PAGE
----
Introduction to LASIK
LASIK is an acronym for laser in situ keratomileusis.
It is a very common corneal laser surgery used
to treat a wide range of refractive problems of
the eye including near and far sightedness and
astigmatism, and thus reduce dependence on glasses.
The advantages include less recovery period, less
painful and less intense healing response. Disadvantages
are some serious side effects which may cause blindness.
Besides, the procedure is expensive and needs highly
skilled people for safe operation.
Earlier, eye laser surgeries were done by a procedure
termed photorefractive keratectomy or PRK. This
procedure had drawbacks like, delayed recovery
time, discomfort and significant reduced vision
problems in a few cases. LASIK surgery is an improvement
on PRK in most respects.
The surgery is performed by an excimer laser.
At its simplest, the procedure uses an instrument
called a microkeratome or more recently, a femtosecond
laser. An epithelialstromal flap is cut and left
attached to the corneal periphery by a hinge of
uncut tissue. This flap is lifted and the high
energy pulses of the excimer laser are applied
on the stromal area to get the desired surgical
outcomes. After the operation, the flap is returned
to its original position. No sutures are needed
to heal the cut.
Benefits of LASIK
LASIK performed by skilled and experienced surgeons
improves vision substantially, in most cases, even
if vision acuity of 20/40 is not achieved. The
chances of getting a desired level of vision correction
are inversely related to baseline level of correction.
For example, in an eye with 2 dioptres of myopia
the chances of getting a 20/20 vision is 70% to
80%, and the chances of achieving 20/40 or better
is greater than 98%. Whereas, in an eye with myopia
of 9D, the odds of getting 20/20 vision are 40%
to 55% and odds of getting 20/40 vision are 95%
Depending on surgeon expertise and the initial
correction attempted, a repeat enhancement laser
ablation surgery is needed in 5% to 20% cases,
to obtain best outcomes. In LASIK, the tendency
to lose the surgical effects over time is comparatively
Risks from LASIK surgery
LASIK can result in several complications. These
are visual disturbances, such as, starbursts, halos,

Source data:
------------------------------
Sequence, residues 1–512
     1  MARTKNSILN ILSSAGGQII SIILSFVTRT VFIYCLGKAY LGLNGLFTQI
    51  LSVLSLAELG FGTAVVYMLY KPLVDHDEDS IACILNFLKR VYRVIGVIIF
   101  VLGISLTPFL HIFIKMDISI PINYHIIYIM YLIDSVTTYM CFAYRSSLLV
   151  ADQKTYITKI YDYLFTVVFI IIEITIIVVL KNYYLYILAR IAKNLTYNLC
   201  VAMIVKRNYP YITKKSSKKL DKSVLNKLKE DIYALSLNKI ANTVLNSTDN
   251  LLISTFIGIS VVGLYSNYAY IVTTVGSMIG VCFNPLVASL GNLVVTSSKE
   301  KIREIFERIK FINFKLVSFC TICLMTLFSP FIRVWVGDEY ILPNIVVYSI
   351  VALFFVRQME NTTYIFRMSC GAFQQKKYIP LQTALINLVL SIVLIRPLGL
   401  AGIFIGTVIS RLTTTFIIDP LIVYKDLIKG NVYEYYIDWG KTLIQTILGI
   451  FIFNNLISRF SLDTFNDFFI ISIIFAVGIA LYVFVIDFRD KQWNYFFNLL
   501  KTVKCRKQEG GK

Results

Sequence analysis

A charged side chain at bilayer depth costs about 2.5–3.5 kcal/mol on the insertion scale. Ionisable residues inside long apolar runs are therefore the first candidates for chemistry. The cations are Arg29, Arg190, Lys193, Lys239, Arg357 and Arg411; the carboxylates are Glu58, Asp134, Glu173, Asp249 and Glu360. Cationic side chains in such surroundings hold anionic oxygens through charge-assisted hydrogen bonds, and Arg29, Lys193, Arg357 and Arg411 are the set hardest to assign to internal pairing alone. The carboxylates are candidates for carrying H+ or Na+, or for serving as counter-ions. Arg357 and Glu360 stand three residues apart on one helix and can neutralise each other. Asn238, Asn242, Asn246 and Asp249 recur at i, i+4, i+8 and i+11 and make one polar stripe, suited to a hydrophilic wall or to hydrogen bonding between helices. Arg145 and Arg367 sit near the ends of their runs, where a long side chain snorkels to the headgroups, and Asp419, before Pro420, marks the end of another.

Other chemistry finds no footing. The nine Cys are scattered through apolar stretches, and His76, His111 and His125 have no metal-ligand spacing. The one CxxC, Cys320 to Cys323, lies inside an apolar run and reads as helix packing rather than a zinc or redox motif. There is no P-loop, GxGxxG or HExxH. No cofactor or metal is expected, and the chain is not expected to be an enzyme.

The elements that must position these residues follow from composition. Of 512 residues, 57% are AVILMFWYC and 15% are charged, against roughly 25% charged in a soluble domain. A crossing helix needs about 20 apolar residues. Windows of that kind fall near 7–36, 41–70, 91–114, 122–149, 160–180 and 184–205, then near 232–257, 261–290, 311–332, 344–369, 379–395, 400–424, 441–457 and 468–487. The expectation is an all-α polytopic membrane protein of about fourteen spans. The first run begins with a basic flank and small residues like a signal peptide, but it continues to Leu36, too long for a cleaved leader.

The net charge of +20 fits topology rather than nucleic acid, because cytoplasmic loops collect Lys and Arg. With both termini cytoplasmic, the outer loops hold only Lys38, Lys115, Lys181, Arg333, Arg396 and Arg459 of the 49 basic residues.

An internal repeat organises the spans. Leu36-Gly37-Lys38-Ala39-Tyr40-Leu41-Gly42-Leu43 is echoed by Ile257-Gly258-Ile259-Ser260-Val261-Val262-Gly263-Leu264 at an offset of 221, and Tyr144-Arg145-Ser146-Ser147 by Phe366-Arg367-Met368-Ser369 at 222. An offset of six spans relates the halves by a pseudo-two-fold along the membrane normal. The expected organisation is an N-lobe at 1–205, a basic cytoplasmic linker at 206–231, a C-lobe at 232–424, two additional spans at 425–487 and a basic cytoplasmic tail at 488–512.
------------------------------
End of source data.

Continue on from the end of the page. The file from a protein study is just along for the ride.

distorted images, and multiple images commonly
seen during the night. The chances of these complications
occurring is more when excimer laser is used or
when corrections are higher than 7 to 8 dioptres
of myopia and 2 to 3 dioptres of hyperopia. Improved
laser technology and pre-operative screenings have
reduced the incidence of such complications to1%
of patients treated, according to a rough estimate.
Other complications like, infection and ectasia
are seen in less than 1% cases.
Unique to LASIK are the flap- induced complications,
not found in PRK or other laser surgeries since
they do not involve flaps. It is mainly due to
flap complications that LASIK carries a higher
risk of losing 2 or more lines of visual acuity
in Snellen’s chart. Flap formations in LASIK
also induce transient dry eyes in LASIK.
Haze in the anterior stroma due to wound is rare.
By and large, LASIK offers better comfort and vision
after a few days of surgery. Complications it appears
are less with more experienced surgeons.
Pre-operative screening for LASIK
Pre-operative screening is critical for good surgical
outcomes. Patients are comprehensively examined
for normal, healthy eyes. LASIK is performed only
on those above 21 years of age. And even in these
cases, refraction should have been relatively stable
in the previous two years. This may be difficult
to verify and the surgeon may have to rely on patient
LASIK is not considered a suitable option in people
with systemic diseases, such as, rheumatoid arthritis
and immune related disorders associated with healing
problems, such as, corneal melting. Pregnant and
lactating women also should not opt for LASIK due
to changes in refraction at that time. Patients
with moderate to severe dry eyes are not suitable
candidates for LASIK.
Corneal thickness, which is normally between 490
micro meters to 650 micro meters, should be taken
into account before opting for LASIK. LASIK should
be avoided if corneal thickness is inadequate,
even where corneal topography is normal.
Also important is pupil diameter in the dark.
Greater the pupil diameter in the dark, greater
is the likelihood of glare, halos and other visual
disturbances, especially in eyes with high myopia.
Therefore, measurements performed during the pre-operative
eye screening are especially vital in determining
the presence of myopia or hyperopia.
Topographic maps of the cornea should not show
any signs of diseases where progressive thinning
of the cornea occurs over time. Otherwise, poor
results would turn up in LASIK.